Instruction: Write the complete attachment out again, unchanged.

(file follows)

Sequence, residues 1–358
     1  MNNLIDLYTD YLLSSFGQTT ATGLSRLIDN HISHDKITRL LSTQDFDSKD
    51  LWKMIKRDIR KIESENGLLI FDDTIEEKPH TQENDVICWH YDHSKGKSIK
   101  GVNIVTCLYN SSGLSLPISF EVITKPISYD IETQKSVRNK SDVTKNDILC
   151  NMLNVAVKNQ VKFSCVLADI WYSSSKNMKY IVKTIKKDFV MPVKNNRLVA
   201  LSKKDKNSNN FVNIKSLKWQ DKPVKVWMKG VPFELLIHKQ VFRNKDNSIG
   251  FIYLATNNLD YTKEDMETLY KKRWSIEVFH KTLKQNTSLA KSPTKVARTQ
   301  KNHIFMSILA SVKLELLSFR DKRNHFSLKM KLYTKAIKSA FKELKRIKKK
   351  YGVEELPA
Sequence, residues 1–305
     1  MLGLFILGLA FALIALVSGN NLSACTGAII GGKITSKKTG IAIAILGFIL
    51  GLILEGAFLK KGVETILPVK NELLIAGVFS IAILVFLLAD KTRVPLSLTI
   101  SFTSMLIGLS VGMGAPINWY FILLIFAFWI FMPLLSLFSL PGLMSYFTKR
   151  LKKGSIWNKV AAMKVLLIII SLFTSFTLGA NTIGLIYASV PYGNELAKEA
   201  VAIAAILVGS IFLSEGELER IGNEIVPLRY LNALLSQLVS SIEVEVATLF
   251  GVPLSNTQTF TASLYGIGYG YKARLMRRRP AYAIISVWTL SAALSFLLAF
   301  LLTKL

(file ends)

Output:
Sequence, residues 1–358
     1  MNNLIDLYTD YLLSSFGQTT ATGLSRLIDN HISHDKITRL LSTQDFDSKD
    51  LWKMIKRDIR KIESENGLLI FDDTIEEKPH TQENDVICWH YDHSKGKSIK
   101  GVNIVTCLYN SSGLSLPISF EVITKPISYD IETQKSVRNK SDVTKNDILC
   151  NMLNVAVKNQ VKFSCVLADI WYSSSKNMKY IVKTIKKDFV MPVKNNRLVA
   201  LSKKDKNSNN FVNIKSLKWQ DKPVKVWMKG VPFELLIHKQ VFRNKDNSIG
   251  FIYLATNNLD YTKEDMETLY KKRWSIEVFH KTLKQNTSLA KSPTKVARTQ
   301  KNHIFMSILA SVKLELLSFR DKRNHFSLKM KLYTKAIKSA FKELKRIKKK
   351  YGVEELPA
Sequence, residues 1–305
     1  MLGLFILGLA FALIALVSGN NLSACTGAII GGKITSKKTG IAIAILGFIL
    51  GLILEGAFLK KGVETILPVK NELLIAGVFS IAILVFLLAD KTRVPLSLTI
   101  SFTSMLIGLS VGMGAPINWY FILLIFAFWI FMPLLSLFSL PGLMSYFTKR
   151  LKKGSIWNKV AAMKVLLIII SLFTSFTLGA NTIGLIYASV PYGNELAKEA
   201  VAIAAILVGS IFLSEGELER IGNEIVPLRY LNALLSQLVS SIEVEVATLF
   251  GVPLSNTQTF TASLYGIGYG YKARLMRRRP AYAIISVWTL SAALSFLLAF
   301  LLTKL